Cabasse Pearl Akoya is a powered speaker with onboard streaming capability and costs £1499. Janine Elliot takes a listen for Hifi Pig.

I have always been amazed at the Cabasse La Sphère, not just its substantial size and price (£197,000) but also its exceptional sound, so I was quite excited to be sent a wifi/Bluetooth active speaker using trickle-down technology from that enormous “Sphere”. This tiny sphere, the Pearl Akoya, is the little sister to the Cabasse Pearl, and retails for £1499, whereas the larger Pearl at £2599. It is a streaming loudspeaker using Cabasse’s own StreamCONTROL app designed to be used on its own – as in this review – or as a stereo or multi-room setup.  Despite being infinitely smaller than the Sphère it should nevertheless be taken equally seriously, even to me, a rather sceptical follower of streaming speakers, admitting to only owning a once’ world’s smallest 4.1cm Bluetooth speaker. To compare the two would be wholly unfair, I know. Created and developed in Brittany, France, the Akoya is a 220mm diameter, 8kg sphere that is beautifully constructed and available in shiny black or white.

The musical history of Cabasse actually goes back considerably earlier than when its founder Georges Cabasse began the company in 1950. In 1740 in the Vosges Mountains of France was the creation of the very first Cabasse violin. Another 5 generations of luthiers continued this tradition building violins, violas and cellos, but in 1950 Georges decided to continue this pattern of music-making in a new form, that of loudspeakers for the HiFi market. Inspired to create perfection in sound reproduction Cabasse has developed coaxial driver technology, whereby several drivers can be placed in front of each other creating great savings in space. In October 2014 Cabasse was acquired by AwoX, a company specialising in streaming technologies, as are utilised in the Pearl and Pearl Akoya. The word Akoya is not only a type of pearl from Japan or China, but it also means ”powerful and complete”. Very appropriate.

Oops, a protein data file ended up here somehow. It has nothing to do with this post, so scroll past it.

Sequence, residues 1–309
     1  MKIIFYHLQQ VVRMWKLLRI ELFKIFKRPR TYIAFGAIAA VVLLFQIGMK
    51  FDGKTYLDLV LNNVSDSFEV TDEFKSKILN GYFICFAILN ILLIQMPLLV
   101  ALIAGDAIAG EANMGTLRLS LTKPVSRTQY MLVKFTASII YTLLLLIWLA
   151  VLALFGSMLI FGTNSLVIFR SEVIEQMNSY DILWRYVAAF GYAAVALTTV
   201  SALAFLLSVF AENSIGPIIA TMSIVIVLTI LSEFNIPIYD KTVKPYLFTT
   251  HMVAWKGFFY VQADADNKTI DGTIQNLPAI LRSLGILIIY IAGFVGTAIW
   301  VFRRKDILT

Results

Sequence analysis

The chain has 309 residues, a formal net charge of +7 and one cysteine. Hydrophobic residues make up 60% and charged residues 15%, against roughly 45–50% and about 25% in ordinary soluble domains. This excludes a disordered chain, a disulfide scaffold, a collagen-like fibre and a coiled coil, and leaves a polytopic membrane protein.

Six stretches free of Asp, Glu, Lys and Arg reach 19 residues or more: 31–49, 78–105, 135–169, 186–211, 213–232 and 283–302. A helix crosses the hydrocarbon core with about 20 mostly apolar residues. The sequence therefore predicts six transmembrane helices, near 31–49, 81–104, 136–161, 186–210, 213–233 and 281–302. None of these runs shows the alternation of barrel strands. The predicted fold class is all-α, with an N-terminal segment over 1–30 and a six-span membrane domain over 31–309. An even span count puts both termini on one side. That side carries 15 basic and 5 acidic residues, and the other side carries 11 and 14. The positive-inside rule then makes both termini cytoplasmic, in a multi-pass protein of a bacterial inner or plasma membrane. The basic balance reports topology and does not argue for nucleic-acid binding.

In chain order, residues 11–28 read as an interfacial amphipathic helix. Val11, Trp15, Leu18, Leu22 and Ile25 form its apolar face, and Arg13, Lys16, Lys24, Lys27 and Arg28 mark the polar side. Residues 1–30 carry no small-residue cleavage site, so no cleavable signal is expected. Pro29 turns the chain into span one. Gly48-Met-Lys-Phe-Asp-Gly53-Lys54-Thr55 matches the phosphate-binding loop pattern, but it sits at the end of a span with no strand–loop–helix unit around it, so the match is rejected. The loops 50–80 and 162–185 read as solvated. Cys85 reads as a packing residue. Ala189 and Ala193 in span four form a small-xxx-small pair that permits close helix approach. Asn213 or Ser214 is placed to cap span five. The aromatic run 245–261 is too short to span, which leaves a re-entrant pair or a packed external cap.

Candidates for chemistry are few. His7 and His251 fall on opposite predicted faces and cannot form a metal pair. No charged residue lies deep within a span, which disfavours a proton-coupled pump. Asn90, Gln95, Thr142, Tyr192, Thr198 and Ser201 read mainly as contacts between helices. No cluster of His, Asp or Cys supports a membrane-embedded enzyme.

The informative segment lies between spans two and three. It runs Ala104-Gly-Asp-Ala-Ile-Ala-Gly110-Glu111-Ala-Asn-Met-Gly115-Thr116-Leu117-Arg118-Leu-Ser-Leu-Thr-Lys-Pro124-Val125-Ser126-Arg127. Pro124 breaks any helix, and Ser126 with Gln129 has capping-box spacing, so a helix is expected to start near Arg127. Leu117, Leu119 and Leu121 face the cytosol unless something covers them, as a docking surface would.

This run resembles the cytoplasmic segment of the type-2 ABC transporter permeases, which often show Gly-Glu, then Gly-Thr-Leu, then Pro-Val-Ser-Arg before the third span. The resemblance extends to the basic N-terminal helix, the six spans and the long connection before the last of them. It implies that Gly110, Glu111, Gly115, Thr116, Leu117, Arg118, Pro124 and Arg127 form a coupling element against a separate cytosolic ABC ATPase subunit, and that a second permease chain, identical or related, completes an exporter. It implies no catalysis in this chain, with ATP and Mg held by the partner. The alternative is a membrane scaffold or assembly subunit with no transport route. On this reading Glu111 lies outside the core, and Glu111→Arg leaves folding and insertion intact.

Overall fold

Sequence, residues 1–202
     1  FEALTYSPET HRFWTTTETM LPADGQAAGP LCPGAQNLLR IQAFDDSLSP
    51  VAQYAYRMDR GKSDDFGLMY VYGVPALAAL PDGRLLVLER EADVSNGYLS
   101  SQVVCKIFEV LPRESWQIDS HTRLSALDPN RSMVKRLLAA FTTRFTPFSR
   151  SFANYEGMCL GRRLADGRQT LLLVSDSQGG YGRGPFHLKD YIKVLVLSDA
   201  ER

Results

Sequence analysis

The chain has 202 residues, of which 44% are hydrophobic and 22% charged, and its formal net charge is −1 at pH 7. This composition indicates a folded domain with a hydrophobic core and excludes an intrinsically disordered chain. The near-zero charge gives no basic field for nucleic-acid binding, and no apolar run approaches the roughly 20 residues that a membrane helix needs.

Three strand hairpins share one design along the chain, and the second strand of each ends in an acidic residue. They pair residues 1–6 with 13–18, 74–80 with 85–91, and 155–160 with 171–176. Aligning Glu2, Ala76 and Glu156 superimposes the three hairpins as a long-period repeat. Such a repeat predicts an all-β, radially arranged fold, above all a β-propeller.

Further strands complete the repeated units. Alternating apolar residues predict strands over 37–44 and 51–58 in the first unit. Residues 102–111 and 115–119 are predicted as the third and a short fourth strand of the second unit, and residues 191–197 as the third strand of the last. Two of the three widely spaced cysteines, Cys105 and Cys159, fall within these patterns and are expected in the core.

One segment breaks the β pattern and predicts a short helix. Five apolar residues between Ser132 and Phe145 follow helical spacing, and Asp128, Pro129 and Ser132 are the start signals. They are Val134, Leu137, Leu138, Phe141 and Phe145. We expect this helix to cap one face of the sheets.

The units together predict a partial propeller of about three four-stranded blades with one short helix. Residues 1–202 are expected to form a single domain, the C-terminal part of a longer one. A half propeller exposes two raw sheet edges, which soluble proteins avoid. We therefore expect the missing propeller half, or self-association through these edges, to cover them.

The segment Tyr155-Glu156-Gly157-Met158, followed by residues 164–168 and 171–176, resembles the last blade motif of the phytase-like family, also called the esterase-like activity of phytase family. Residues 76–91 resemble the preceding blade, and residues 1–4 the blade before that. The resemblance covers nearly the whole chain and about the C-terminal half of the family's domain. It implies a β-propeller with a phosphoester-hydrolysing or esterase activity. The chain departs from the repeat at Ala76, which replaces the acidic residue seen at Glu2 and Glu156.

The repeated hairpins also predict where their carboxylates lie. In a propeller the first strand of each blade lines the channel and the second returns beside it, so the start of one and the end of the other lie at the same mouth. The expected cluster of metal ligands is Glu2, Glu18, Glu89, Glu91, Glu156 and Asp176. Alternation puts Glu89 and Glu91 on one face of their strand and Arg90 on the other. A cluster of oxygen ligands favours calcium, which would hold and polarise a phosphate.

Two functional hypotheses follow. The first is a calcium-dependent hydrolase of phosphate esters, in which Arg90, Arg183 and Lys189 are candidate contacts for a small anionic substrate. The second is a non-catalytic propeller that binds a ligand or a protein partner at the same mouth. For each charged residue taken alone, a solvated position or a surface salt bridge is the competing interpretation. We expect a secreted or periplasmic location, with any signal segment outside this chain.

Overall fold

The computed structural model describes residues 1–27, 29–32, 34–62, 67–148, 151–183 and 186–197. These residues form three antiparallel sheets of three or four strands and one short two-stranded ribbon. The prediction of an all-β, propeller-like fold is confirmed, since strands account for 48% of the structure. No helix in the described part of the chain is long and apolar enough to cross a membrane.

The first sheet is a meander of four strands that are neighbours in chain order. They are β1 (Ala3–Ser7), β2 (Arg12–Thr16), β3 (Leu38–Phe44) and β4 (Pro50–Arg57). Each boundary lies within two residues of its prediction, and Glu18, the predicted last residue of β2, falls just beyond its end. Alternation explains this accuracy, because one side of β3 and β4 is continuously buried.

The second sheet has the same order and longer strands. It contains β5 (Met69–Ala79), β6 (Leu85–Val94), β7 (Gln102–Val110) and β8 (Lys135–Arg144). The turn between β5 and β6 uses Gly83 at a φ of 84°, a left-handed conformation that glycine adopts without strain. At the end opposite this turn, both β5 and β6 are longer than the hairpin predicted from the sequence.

Construction

From the very start I could see this was a well-constructed device, and almost as good as the mighty Sphère, with its polished casing in injected resin and fibre. Six layers of lacquer are applied to obtain the depth of finish, and the Akoya is available in metallic black with pure chromium rings, or pearl white with silver rings. All controls and sockets are to be found at the base of the rear. From left to right is the source status LED and reset button. For example, cyan is wifi, ethernet and streaming, green is Spotify Connect, yellow is optical, and Blue (unsurprisingly) is Bluetooth. Next are the SPDif optical and LAN sockets. After the central IEC mains socket is the on-off button followed by a microUSB socket to be used with an external source such as a DAP, and 3.5mm analogue input. In the larger Pearl these last two are USB and RCA pair respectively. Finally, there is the network pairing indicator and pairing button. Utilising the Cabasse StreamCONTROL app on your phone or tablet the Akoya can be controlled from your device. It not only controls sources, what speaker you want to hear in a multiple set up, but also allows you to EQ the speaker if you so desire. As well as you being able to select bright, HiFi, low, very low, or extremely low tone, it can also set the speaker to best match the acoustics of your room; the app automatically calibrates the Akoya using its own built-in mic and by using sliding frequencies.  It also allows you to play internet radio or online streaming services such as Qobuz, Deezer, Spotify, Napster, and Tidal. The Akoya plays MP3, AAC, WMA, plus higher definition files such as AIFF, FLAC and ALAC, (192khz/24bit) and it processes digital signals with up to 32 bits and 768khz.